By Jake Hegeman, Vice President
With many commodity prices soaring, the last few years have been good to American agriculture. High prices have translated into record profits and allowed many farmers to invest in new equipment and in turn, improve productivity. In fact, in Iowa alone, the value of agricultural sales has climbed from approximately $12 billion in 2002, to a projection of nearly $30 billion in 2012. However, while there may be more new pickups on Main Street, potential challenges for the agricultural sector remain, many of which were discussed this past weekend at the State Agriculture and Rural Leaders (SARL) Summit in Washington, D.C.
SARL brings together the state legislators that chair the country’s state agriculture committees to discuss the most pressing issues facing American Agriculture. While most reports at this year’s meeting were positive—largely echoing commodity prices, I noticed three primary issues that commanded the most discussion: ongoing regulatory concerns and their economic impact on American farmers; the need for increased economic and technological infrastructure for rural economies; and the continued importance of consumer demands on food product labeling.
Regulatory Concerns Remain at the Forefront
The key theme of this year’s meeting could be summed up in one word—regulation. Discussion about new state environmental, food labeling, and broadband connectivity regulatory issues, as a group, were the focus of prolonged discussion. On the environmental regulation front, discussion focused on two main themes—agricultural runoff and invasive plant and animal threats. It is clear that questions remain as to the appropriate division of responsibility between urban and rural pollution sources.
However, it was also clear that states are coming up with low-cost and effective strategies to do their part, like a new Michigan program to incentivize farmers to minimize pollution discharges or a coalition of states working to secure dedicated funds for state invasive species management programs. From the sounds of these discussions, and as is the case in many other industries, legislation impacting the agricultural sector will be centered on the “low-hanging fruit,” meaning efforts will be primarily focused on voluntary, low cost, measurable and easily implementable strategies will be the foundation of successful policy proposals.
Supporting the Rural Economy
Keeping the economic engine alive in rural areas was another key theme for meeting participants, especially those from the Midwest. Legislators discussed the challenges facing the small population of Americans engaged in agriculture, which today stands at 2%. In particular, the conversation focused on increased broadband connectivity and tax incentives for small businesses as tools to bolster and grow rural communities. Participants noted the challenge of securing infrastructure investment in rural areas for broadband. To this end, one proposal on the table was to require cable companies to install rural infrastructure in return for the deregulation of urban markets, while another was to use existing state-owned bandwidth as an alternative to private lines.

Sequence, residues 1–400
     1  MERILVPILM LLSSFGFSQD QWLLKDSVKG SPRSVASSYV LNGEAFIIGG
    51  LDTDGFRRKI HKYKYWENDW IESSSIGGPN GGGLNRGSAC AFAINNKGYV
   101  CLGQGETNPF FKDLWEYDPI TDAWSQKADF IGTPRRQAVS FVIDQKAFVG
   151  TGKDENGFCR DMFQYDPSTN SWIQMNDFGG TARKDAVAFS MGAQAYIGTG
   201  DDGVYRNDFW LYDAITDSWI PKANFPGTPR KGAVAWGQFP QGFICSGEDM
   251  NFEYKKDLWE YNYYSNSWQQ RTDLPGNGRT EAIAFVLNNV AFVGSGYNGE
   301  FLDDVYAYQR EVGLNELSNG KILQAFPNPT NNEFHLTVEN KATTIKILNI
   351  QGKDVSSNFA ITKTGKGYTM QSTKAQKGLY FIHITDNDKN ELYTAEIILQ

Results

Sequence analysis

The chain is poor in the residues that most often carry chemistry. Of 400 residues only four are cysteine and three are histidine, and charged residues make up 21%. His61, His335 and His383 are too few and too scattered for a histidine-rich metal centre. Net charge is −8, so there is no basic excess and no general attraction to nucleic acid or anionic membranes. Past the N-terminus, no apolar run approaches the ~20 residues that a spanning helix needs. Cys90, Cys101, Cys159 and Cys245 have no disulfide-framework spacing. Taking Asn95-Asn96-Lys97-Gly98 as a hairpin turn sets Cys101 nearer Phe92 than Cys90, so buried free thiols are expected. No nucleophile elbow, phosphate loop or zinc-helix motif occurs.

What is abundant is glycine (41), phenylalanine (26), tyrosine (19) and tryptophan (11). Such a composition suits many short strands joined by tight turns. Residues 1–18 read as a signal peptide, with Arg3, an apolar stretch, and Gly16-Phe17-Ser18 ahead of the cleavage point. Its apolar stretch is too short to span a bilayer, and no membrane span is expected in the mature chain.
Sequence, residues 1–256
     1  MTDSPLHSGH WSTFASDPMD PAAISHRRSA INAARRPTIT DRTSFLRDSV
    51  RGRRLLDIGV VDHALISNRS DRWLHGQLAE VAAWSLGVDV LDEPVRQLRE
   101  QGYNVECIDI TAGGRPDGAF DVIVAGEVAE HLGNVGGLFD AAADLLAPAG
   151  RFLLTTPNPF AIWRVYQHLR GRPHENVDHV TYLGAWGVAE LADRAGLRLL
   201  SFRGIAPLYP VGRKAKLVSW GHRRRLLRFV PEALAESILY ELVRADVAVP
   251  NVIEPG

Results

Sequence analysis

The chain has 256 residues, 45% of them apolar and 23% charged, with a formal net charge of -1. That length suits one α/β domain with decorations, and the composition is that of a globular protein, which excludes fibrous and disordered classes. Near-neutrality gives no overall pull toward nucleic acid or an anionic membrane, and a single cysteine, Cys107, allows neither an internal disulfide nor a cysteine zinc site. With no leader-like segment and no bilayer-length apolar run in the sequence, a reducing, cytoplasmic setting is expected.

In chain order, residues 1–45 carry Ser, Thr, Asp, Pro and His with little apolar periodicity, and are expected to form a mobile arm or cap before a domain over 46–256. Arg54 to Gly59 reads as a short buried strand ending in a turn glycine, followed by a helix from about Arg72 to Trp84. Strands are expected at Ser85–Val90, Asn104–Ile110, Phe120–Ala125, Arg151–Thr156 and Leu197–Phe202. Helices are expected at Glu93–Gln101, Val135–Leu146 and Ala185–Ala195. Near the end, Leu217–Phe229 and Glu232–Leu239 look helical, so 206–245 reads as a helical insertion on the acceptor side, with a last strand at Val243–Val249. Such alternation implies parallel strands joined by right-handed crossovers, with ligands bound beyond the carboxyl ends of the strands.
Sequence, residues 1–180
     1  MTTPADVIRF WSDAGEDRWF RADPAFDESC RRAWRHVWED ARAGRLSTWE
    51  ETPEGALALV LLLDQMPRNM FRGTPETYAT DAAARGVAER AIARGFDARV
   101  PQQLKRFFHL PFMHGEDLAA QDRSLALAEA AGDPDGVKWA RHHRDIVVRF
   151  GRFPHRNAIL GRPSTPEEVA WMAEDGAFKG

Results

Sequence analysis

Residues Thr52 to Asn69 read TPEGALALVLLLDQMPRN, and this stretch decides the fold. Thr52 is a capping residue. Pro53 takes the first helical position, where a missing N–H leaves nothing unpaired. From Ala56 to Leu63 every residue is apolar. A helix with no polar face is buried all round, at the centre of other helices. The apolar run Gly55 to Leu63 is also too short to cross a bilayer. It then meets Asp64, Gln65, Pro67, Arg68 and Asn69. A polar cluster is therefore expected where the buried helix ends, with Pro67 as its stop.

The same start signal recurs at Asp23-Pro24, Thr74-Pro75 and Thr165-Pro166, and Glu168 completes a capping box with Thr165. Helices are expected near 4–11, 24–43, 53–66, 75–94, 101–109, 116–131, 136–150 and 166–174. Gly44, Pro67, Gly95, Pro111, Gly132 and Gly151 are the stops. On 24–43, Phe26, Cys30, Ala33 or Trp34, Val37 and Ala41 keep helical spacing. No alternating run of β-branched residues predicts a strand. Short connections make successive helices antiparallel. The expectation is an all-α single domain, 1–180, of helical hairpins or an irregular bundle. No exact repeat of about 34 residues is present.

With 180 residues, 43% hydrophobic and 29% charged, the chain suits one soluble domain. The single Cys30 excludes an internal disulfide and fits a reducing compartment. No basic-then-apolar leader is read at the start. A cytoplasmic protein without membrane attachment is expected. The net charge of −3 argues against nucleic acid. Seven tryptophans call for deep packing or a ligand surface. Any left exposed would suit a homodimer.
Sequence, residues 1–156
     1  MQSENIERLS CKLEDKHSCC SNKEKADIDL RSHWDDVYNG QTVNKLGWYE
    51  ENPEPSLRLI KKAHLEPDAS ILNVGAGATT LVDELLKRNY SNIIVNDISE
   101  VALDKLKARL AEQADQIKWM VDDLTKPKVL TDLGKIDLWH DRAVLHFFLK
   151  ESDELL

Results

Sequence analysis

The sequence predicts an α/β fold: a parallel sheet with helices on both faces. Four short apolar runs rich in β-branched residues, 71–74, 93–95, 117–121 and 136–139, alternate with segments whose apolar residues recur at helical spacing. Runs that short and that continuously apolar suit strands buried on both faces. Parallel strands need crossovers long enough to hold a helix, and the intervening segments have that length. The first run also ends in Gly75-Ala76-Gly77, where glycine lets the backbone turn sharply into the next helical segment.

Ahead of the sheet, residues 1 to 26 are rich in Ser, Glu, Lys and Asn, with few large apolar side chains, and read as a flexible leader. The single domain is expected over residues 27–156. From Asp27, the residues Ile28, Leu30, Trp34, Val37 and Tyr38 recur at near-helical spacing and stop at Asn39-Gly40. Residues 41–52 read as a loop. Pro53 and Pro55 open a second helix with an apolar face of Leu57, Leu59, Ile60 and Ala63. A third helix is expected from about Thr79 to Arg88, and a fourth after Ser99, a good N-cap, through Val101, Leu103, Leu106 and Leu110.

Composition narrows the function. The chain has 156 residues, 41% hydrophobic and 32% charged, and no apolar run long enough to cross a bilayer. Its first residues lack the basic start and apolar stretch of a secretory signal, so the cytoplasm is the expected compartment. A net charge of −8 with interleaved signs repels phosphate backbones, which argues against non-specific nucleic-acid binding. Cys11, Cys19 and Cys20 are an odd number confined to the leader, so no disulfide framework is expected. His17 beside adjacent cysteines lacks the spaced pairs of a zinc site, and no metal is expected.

Tax credits were also a big chunk of the conversation. One presenter highlighted the impact small, state-led programs can have in rural areas. Citing an example from his community, he highlighted a small home-based business making wooden handicrafts that was able to grow into a seller with nationwide distribution and multiple employees thanks to state legislation that provided a small business tax credit. As well, non-tax legislation including proposals to allow the sale of additional value-added products such as beer and wine at farmers markets highlighted some of the additional ideas states are considering to provide economic opportunities in rural areas. Based on the strength of discussion around these topics, it appears likely that going forward, initiatives to expand rural economic opportunities are likely to garner the attention of lawmakers from rural districts.
Another hot topic dealt with food labeling issues, specifically with the interest in some states for mandatory labeling of products containing genetically modified (GM) crops. Legislators discussed the merits of mandatory versus voluntary labeling as well as recent local government efforts to prohibit the planting of GM crops on public lands.
From the mood in the room, legislators appeared most interested in seeing voluntary labeling requirements remain the norm. Some present indicated voluntary labeling is already available for certain products and mandatory requirements that increase food product prices further are unlikely to gain momentum in these challenging economic times. Moving forward, this issue is likely to gain greater legislative attention as a wider and wider variety of GM products receive federal approval for use.
The above items represent some of the key themes that appear poised for discussion this legislative session as indicated by the conversations at the State Agriculture and Rural Leaders Summit this past week. As the legislative session unfolds, it’s likely one or more of these may be coming to a State House near you.
We’d like to hear your reactions. If you attended SARL, were there other topics you discussed? Is the agricultural sector in your state seeing different trends? What legislative or regulatory issues are you focusing on?
Tags: agricultural runoff, agriculture legislative priorities, dc, deregulation of urban markets, farmers, food labeling, genetically modified crops, gm crops, MICHIGAN, midwest legislators, rural economic opportunities, rural economies, rural regulatory concerns, SARL, state agriculture and rural leaders, state and local, state government affairs, state government relations, state house, stateside review, WASHINGTON, working at stateside